Although I promised the post on Vietnam today, I found myself quite ill after a lunch of giant pork-spine soup . I could do little but lay in bed when I came home and try to keep other foods down periodically. That said, I will use this post instead as a kind of preface to tomorrow's real post on Vietnam.
The week before we left Korea, it finally snowed in Andong (the first real accumulation of the season). Two main things can be said for how the city handled snow: the public buses shut down, and the snowmen sprang up. As for the first, it didn't much affect me because I live close enough to school to walk, but I felt bad for the clusters of people huddling around bus stops, when I didn't see a single bus run for 2 days after the snow hit. Luckily, there are cheap taxis all over the place and I imagine it was a good few days for them.
The snowmen were much more fun. The only people I saw making them were middle aged men, which made me smile. With snow being so infrequent, it isn't a season of play only for the young. Actually, the children were probably all in school for the day, as they continue to take classes through their winter breaks.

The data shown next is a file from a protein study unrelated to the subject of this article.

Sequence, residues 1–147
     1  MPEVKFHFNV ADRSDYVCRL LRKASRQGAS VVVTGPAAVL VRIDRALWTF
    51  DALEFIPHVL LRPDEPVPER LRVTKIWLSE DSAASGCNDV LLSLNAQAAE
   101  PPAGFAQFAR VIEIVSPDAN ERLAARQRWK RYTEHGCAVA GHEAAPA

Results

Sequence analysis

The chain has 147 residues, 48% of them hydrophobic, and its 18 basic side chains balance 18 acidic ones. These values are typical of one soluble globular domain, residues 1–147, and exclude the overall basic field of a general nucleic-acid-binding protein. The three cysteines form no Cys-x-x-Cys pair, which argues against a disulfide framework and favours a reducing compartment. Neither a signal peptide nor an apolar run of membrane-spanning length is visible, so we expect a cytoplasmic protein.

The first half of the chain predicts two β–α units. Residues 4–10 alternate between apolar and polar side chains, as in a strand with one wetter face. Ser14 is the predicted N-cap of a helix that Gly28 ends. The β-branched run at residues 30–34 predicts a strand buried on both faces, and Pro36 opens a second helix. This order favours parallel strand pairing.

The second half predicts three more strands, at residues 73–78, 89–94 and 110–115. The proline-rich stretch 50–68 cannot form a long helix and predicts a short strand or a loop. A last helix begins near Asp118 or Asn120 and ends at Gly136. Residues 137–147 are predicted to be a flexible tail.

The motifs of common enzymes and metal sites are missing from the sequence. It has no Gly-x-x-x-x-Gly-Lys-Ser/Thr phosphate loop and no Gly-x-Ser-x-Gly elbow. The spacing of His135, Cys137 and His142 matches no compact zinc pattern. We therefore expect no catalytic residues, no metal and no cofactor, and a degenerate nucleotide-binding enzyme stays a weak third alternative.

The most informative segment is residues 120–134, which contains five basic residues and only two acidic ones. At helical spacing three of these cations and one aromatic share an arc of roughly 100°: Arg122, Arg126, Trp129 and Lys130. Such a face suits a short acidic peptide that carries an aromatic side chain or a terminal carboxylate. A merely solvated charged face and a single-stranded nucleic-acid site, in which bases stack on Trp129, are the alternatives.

I took these on my phone walking home from school:
(This one is modeled after a Korean "yangban," a traditional aristocrat (you can tell by the black hat style. It's hard to tell in this picture with the truck, but the hat also includes the wide brim sticking out on either side).
Although it was sad to leave behind the snow of Andong (and I dearly missed the epic Michigan snow this winter), I definitely looked forward to the warmth of two weeks in Southeast Asia.
The only problem was figuring out how to make the 3+ hour journey to Seoul (with the Han river being frozen up there) from Andong without excessive bulky winter clothing, since each of us only packed a single backpack for the trip. Socks with sandals? Oh yes.